1. Potipherah, the priest of On, father of Asenath, might not have been of the lineage of Cain...

2. Asenath might not have been the only wife of Joseph.

3. Were the rulers of Egypt always and complete descended from Ham, or did the seed of Japheth or Shem ever have influence there?

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Or we can simply accept the simple explanation and dismiss the misplaced apologetics of yester-century.

Might I add a couple other scenarios... just food for thought...

1. Potipherah, the priest of On, father of Asenath, might not have been of the lineage of Cain...

2. Asenath might not have been the only wife of Joseph.

3. Were the rulers of Egypt always and complete descended from Ham, or did the seed of Japheth or Shem ever have influence there?

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Or not.

Well, since you've got it all figured out, and know for sure that every Egyptian dynasty and every upper class citizen of every dynasty was of Hamitic descent, I guess your take is carved in stone, so to speak. Sure glad you're open to discussion...

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I'm open to discussion. Say anything you like. It is misplaced apologetics to make suggestions that were designed to defend a defunct doctrine.

That's part of the discussion. Let's discuss it. I'm open, just very opinionated.

Well, since you've got it all figured out, and know for sure that every Egyptian dynasty and every upper class citizen of every dynasty was of Hamitic descent, I guess your take is carved in stone, so to speak. Sure glad you're open to discussion...

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I'm open to discussion. Say anything you like. It is misplaced apologetics to make suggestions that were designed to defend a defunct doctrine.

That's part of the discussion. Let's discuss it. I'm open, just very opinionated.

Skeptic Theist... I don't think God's reasoning behind the ban is quite as simple as people are making it. In fact... I think though the ban may have been placed over 'African' members, it's purpose had nothing to do with the fact that they were African, but with the fact that God put them there to overcome a specific type of trial. Kind of like how I have Autism and Tourrette's not of my own fault, but of the knowledge and wisdom of God to give me such as trials. Just a trial I have to overcome, because it will teach me good things, not necessarily because of my pre-existance (though it could be that too). I think the Priesthood Ban covers the same thing, but for specific souls that God put where they were in the world (he could have put a different soul there if he wanted to, I think) specifically to have a trial to deal with. A test of sorts.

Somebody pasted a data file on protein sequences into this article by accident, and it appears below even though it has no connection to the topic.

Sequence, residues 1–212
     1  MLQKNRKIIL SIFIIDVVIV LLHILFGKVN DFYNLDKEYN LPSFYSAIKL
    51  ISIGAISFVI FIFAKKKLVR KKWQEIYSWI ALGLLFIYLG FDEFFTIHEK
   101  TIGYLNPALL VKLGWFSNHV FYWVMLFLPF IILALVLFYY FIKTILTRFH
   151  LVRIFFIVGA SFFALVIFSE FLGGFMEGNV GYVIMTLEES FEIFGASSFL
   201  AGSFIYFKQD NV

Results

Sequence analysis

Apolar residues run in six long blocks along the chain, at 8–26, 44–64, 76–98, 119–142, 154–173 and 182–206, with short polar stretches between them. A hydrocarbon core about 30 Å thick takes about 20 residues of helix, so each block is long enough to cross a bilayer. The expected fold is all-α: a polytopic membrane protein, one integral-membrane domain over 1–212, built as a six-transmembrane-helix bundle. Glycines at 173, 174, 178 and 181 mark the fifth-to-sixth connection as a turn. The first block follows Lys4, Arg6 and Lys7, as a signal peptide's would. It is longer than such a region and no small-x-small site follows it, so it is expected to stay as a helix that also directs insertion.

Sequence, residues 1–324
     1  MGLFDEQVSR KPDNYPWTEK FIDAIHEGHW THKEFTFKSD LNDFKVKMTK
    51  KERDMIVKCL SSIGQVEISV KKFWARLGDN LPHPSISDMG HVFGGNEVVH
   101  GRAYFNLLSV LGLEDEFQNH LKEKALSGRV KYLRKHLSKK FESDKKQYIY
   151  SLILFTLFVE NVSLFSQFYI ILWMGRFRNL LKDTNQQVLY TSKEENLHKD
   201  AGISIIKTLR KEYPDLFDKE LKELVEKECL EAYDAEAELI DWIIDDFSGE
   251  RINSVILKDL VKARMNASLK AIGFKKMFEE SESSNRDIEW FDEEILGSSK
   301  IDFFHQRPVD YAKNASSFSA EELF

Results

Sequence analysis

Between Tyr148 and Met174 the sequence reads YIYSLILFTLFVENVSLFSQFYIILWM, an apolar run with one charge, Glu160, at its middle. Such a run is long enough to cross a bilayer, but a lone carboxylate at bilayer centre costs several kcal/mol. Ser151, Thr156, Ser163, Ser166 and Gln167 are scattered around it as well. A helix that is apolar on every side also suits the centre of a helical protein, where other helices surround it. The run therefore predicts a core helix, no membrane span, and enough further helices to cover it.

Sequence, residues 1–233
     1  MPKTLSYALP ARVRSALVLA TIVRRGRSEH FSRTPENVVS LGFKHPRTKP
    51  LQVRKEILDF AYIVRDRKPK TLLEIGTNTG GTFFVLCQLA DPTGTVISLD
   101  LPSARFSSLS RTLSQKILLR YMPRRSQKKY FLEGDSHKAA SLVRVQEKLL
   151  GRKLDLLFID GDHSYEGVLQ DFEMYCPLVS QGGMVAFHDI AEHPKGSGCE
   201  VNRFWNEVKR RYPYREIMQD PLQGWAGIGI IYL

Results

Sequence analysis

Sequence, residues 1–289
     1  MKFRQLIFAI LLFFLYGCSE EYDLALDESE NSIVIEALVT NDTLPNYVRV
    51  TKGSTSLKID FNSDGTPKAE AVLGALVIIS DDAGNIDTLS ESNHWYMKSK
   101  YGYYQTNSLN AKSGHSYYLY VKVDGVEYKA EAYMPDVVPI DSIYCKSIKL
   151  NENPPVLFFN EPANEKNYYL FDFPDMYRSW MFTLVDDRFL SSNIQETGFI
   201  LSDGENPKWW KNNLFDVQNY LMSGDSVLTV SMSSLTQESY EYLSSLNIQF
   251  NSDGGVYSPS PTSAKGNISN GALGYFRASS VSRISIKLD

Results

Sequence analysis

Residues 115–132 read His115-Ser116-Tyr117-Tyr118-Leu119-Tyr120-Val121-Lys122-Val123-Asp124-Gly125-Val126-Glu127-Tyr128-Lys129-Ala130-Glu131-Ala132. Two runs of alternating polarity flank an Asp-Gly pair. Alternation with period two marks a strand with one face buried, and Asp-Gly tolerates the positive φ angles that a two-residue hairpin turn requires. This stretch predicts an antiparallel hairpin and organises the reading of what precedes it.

But yes... that's just a theory I have behind it and such... in no sense scriptural... and really more deep than that.

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I'm open to discussion. Say anything you like. It is misplaced apologetics to make suggestions that were designed to defend a defunct doctrine.

That's part of the discussion. Let's discuss it. I'm open, just very opinionated.

Well, I suppose if you can explain why King Tut had reddish brown hair and Western European DNA, that might be a good start to a discussion. Then you can explain why various dynastic hieroglyphic art shows the ruling class of different skin and hair color. There is no all or nothing answer. There are more questions than answers, so again, be careful about such blanket statements against apologetics.

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From what I understand, the reason Pharaoh couldn't have the priesthood was because he tried to claim it through his mother, not because he was the descendant of Caanan. I can't find the documentation tonight, but if anyone wants me to, I will look after I get some sleep.